The High Court will hear on March 20 the leave application for a judicial review over the decision by government regulators to grant Lynas a temporary operating license
KUALA LUMPUR: Government legal representatives today raised a preliminary objection against the court action by residents of Kuantan attempting to stop the controversial Lynas radioactive rare earth refinery from firing up its operations.
Senior Federal Counsel Suzana Atan and Noor Hisham Ismail, from the Attorney-General’s Chambers, said the 10 applicants failed to exhaust all internal remedies before going to court.
“Under the Atomic Energy Licensing Act 1984, there is the procedure to appeal to the minister (Minister of Science, Technology and Innovation Maximus Ongkili) and they have not done that. That’s the grounds we are raising as preliminary objection to this judicial review,” Suzana told reporters after meeting with High Court (appellate and special powers division) judge Rohana Yusuf in chambers today.
It was learnt that Lynas Malaysia Sdn Bhd’s lawyers had also sought to make the same preliminary objection.
Judge Rohana fixed March 20 to hear arguments from the Kuantan residents’ lawyers as well as the leave application for the judicial review.
The court room at Jalan Duta this morning was jam-packed with anti-Lynas supporters, many of them coming from as far as Kuantan and waiting since 5am. Even many media personnel were barred from entering as the court room had exceeded its capacity.
Lawyer K Shanmuga, lead counsel for the residents, said that they would be arguing against the preliminary objection by saying that AELB had gone against the law in the first place and the residents had every right to take court action.
“We would argue that because what AELB did was illegal, that’s why we could come to court straight away (without appealing to the minister).
“Because the crux of the complaint is that AELB should have asked Lynas for a Detailed Environmental Impact Assessment (DEIA), and by not asking for the DEIA, they breached Section 34(A) of the Environmental Quality Act 1974,” he said.
On Feb 17, 10 residents who live between 3km and 18km from the RM2.5 billion Lynas Advanced Materials Plant (LAMP) in Gebeng, filed a judicial review asking the court to quash the AELB’s decision to grant the temporary operating licence (TOL) to Lynas on Jan 30.
They are attempting to prevent Lynas from starting its operations in the second quarter of the year, accusing Lynas of ignoring their fears of health and environmental repercussions.
The applicants are: Zakaria Abdullah, Ramli @ Kamaluddin Awang, Ab Sani Ahmad, Mohd Rasid Hamzah, Mansor Bedu, Ali Akbar Othman, Hasim Awang, Nadarajan Raju, Pang Chee Kian, Yuw Yin Lan.
Seven of them, who were in court today, did not want to be photographed due to fear for their safety.
The suit also called for AELB to be prohibited from issuing any temporary or permanent license to Lynas until a DEIA report was submitted to and approved by the Department of Environment (DOE).
‘In breach of national justice’
The applicants also claimed that AELB breached several Federal Constitution provisions particularly Articles 59 (1), 13 and 8(1) pertaining to freedom, equality and the rights to property respectively.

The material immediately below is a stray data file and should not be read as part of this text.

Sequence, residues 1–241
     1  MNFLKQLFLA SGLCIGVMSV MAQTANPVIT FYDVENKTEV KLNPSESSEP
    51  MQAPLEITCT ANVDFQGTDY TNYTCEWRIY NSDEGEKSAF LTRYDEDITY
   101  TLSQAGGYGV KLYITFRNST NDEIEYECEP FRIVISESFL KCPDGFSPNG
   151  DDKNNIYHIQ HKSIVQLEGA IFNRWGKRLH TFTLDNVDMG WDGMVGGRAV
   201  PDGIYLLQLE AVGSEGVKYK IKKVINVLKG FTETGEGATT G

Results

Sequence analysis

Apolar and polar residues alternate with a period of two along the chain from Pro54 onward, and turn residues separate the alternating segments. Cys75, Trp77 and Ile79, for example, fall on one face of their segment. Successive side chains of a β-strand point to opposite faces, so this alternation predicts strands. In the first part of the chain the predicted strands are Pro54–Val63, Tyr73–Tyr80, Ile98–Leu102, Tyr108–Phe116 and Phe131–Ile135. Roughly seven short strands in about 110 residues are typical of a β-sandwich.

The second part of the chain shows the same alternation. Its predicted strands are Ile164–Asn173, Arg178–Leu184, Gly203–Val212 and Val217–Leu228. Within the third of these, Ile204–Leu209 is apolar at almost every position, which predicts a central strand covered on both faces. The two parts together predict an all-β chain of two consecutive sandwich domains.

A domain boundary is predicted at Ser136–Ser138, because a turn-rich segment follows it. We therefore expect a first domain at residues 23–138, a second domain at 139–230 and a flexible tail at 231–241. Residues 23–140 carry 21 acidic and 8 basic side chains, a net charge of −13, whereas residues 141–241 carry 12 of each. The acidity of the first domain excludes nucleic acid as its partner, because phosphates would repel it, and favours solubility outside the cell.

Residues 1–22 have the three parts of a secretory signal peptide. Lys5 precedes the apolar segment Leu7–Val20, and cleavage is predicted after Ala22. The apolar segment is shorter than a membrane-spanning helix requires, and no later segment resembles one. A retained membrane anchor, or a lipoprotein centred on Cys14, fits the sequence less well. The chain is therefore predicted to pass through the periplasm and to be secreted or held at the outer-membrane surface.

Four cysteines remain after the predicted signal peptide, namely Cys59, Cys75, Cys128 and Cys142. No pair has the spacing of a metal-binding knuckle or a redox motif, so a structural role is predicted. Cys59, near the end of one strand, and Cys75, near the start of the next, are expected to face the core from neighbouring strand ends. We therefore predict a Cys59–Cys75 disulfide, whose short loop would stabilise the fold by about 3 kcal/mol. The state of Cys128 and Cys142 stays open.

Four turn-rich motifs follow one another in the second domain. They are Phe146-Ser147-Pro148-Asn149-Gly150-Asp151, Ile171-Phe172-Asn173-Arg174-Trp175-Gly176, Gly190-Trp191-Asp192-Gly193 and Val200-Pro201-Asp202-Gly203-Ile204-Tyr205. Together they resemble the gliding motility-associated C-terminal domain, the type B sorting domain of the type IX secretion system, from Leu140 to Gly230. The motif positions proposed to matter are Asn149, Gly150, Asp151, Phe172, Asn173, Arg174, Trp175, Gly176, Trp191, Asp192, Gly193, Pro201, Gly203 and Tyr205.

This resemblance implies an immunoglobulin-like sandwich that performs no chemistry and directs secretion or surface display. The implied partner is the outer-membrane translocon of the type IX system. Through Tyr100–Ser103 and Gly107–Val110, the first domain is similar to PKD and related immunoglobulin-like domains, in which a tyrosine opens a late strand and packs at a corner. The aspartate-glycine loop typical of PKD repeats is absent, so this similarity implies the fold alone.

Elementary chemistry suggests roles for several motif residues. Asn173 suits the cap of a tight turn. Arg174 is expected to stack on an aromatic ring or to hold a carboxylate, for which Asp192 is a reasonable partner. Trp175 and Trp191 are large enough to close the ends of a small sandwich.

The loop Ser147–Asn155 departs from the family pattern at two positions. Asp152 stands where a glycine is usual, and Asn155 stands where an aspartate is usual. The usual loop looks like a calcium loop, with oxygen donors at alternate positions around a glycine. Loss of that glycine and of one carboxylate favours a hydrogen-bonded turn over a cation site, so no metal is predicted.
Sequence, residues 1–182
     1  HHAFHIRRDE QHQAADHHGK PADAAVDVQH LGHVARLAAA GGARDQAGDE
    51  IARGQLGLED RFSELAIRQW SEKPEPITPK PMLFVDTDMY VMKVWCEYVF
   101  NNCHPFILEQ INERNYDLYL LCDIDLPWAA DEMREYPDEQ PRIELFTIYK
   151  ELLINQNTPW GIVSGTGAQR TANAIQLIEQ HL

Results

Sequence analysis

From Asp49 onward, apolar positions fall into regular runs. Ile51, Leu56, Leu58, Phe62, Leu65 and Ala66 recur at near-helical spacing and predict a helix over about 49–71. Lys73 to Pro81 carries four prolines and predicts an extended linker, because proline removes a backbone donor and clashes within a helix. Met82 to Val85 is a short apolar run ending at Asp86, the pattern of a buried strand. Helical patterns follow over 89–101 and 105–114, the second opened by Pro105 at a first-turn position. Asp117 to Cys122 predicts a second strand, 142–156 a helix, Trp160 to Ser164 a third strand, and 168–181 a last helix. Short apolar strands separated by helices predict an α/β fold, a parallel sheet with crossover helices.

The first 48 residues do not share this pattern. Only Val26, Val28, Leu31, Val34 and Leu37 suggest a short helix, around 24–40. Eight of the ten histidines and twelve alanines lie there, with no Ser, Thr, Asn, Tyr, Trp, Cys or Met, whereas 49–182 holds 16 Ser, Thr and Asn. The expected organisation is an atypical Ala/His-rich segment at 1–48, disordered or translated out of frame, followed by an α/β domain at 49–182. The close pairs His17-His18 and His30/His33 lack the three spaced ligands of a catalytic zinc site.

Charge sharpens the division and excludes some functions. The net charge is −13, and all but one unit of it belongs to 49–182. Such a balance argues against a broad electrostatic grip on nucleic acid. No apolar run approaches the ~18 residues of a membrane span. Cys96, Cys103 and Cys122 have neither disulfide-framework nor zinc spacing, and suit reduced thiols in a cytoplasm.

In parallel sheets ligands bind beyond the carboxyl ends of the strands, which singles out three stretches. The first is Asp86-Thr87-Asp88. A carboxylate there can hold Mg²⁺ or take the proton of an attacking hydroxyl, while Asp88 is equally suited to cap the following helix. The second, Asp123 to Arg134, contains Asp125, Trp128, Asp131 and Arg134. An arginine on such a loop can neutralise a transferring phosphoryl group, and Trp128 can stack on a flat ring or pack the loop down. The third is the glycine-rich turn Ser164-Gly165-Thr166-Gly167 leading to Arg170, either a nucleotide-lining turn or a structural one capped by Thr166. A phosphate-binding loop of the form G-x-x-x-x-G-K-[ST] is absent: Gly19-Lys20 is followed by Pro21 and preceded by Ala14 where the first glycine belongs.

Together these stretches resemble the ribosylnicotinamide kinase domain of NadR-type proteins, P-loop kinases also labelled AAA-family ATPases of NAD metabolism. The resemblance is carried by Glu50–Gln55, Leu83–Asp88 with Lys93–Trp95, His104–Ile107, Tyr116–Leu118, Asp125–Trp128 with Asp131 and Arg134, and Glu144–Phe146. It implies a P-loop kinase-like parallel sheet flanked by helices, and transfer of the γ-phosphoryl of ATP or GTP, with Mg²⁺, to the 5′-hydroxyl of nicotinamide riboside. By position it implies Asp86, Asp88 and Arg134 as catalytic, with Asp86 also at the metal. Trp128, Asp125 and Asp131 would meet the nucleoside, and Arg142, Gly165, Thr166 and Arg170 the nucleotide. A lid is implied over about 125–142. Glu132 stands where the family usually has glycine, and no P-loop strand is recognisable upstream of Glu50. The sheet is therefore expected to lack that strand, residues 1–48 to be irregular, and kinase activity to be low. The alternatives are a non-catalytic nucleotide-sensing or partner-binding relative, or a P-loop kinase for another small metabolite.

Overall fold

The applicants had stated that the AELB had acted in breach of national justice by approving the TOL as it had not given an opportunity to those who wanted to make representations on the safety of LAMP in a“meaningful or proper” manner.
The court filings included two affidavits by chemical engineer, Dr Lee Chee Hong, and executive, Zakaria Abdullah. Lee, who had been deeply involved in researching and presenting his findings on LAMP, emphasised that allowing Lynas to begin its operations would put Malaysia at risk of another environmental disaster.
More than 100 anti-Lynas supporters, who gathered outside the court, held banners and chanted slogans such as “Stop Lynas and save Malaysia”, “We dont’ want it. We are not lab rats” and “Go back to Australia!”
Kuantan MP Fuziah Salleh, who was also present, said that the anti-Lynas supporters were disappointed that the proceeding was heard in chambers as it was a public interest case.
“In the meantime, we are not withdrawing the suit. We are firm in that AELB had gone against the law. On the five conditions given to Lynas by the regulator, the first says that you need a permanent disposal facility, but the second one says that there must be an undertaking from Lynas to return the waste to the country of origin. This is ‘main wayang’, ‘main silap mata’, as this is contradictory,” she said.
“If the waste is to be returned, then why the need for a waste facility? According to Lynas, they could keep the waste for 14 years… They are just misleading the rakyat. They very well know that Australia said it is Malaysian waste, they refuse to take it,” she added.
Fuziah had recently called for a DEIA report in light of a “flawed” Preliminary Environmental Impact Assessment (PEIA) report.
However a representative from the DOE deemed a DEIA unnecessary as the PEIA was sufficient and had already been studied and approved.